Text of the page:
report commissioned by English Heritage in 2011 they warned that the new
buildings would have a negative impact on the OUV of the site (Bond, 2011).
Furthermore, in a statement they indicated that the setting of some of the
‘most significant historic buildings’, would be ‘severely compromised’ and that
the city’s ‘historic urban landscape will be
permanently unbalanced’ (Moore, May 2012). However, it is important to
remember that ‘urban landscape’ was omitted from the justification for the OUV
of the site, therefore it should not affect this. CABE have commented that the
plan is ‘generic and vague’, (Brown, March 2013)
suggesting that it will not promote and create a
unique identity for Liverpool. The scheme is even dividing local
opinion. As Shaw and Sykes (2015, 64) highlight, an increasing number of
residents living in converted warehouses adjacent to Liverpool Waters are
‘growing concerned’ that the new developments will ‘limit their views to the
waterfront’.

 

Due
to the scale of the project, and tensions between stakeholders, a second
mission (influenced by the Historic Urban Landscape approach) was sent to
Liverpool in 2011. The recommendation on the Historic Urban Landscape was
adopted on 10 November 2011 by UNESCO’s General Conference. This approach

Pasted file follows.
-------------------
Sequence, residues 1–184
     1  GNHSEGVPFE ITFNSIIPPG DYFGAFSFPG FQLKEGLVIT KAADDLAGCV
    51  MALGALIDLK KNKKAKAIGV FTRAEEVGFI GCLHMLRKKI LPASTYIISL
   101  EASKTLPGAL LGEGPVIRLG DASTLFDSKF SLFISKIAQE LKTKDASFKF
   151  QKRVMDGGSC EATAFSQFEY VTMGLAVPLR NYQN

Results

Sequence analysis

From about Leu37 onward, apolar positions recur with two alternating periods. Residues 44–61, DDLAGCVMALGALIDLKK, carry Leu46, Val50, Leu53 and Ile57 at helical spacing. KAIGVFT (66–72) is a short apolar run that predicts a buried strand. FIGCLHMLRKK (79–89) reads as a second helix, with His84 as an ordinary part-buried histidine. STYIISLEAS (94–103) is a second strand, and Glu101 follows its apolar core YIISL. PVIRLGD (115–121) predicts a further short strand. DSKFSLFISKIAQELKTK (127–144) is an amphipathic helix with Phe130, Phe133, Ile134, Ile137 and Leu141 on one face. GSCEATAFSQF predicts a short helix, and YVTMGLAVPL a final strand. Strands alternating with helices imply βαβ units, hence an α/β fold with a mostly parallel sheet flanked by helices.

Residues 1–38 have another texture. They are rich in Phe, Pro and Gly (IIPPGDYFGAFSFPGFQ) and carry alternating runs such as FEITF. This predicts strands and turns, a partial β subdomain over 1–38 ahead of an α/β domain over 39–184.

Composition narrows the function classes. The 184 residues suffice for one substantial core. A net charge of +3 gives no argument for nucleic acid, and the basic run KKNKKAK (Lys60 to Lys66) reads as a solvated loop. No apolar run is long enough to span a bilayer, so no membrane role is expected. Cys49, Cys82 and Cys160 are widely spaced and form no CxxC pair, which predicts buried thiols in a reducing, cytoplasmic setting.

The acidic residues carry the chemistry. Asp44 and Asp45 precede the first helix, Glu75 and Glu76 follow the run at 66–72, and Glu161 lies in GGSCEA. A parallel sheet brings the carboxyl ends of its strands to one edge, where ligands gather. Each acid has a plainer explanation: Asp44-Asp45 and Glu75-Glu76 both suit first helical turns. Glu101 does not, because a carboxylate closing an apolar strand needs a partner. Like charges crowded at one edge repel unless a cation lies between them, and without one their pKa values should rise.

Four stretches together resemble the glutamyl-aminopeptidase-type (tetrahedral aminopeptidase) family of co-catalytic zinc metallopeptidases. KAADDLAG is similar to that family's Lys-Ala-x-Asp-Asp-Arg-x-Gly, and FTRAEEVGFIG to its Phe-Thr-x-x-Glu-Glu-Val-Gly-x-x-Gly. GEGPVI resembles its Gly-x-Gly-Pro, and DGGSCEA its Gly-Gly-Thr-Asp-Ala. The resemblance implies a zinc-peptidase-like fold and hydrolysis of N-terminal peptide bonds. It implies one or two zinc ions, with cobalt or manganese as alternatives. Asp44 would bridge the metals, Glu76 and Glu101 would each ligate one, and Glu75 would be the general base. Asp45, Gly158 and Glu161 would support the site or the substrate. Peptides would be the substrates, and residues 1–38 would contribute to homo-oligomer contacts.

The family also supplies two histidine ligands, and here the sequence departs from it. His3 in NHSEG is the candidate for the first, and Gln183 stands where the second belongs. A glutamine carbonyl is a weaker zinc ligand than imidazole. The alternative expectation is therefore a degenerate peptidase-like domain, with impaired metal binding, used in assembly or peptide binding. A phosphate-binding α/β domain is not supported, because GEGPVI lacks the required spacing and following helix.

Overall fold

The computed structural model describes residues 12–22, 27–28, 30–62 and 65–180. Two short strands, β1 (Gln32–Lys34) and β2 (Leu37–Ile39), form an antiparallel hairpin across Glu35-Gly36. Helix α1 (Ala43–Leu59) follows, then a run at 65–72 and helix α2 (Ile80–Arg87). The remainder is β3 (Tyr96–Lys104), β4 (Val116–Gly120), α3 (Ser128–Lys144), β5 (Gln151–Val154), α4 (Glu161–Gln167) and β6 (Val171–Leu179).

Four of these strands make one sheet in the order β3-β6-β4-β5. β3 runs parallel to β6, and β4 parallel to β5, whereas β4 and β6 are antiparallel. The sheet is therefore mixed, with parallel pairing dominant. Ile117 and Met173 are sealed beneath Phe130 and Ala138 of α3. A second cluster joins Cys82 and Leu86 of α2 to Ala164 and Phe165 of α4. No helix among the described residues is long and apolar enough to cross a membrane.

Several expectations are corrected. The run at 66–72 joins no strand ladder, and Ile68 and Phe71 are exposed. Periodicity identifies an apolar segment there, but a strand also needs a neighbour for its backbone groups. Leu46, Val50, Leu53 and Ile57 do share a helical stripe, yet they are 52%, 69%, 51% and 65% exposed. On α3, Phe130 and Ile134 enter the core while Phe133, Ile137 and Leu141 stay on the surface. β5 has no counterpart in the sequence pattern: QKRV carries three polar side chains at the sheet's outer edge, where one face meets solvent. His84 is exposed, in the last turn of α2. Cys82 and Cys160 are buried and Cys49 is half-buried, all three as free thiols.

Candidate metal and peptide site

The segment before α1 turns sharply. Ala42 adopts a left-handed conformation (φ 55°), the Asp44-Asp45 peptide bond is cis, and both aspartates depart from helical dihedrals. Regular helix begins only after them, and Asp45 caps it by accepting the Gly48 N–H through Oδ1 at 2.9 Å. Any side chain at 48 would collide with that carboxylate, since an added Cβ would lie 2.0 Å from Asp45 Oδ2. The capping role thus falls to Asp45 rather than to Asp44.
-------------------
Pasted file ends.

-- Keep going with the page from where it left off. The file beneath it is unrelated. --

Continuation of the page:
recognises the fact that cities are continually growing with historic layering
being the key driver to this approach (figure 2). Within the report, the state
party is asked to ‘to ensure’ that Liverpool Waters proposals are ‘not
approved, as failure to do so could lead to consideration of loss of the
Outstanding Universal Value of the property’ (WHC, 2011, 5). However, this is
problematic to ask of a city which encourages regeneration. This report also
addresses the developments which were previously brought to attention in the
first mission. It stated that these developments were ‘positive’, highlighting
the fact that regeneration is not necessarily a bad thing (WHC, 2011, 2). In
fact, the Museum of Liverpool has now won many awards, including the highly
acclaimed Council of
Europe Museum Prize for 2013 (Museum of Liverpool, 2018). Overall, the report concluded that Liverpool
Waters ‘would irreversibly damage the attributes of OUV and conditions of
integrity of the property’, thus leading to Liverpool’s WHS being placed on the
List of World Heritage in Danger in 2012 (WHC, 2011, 15).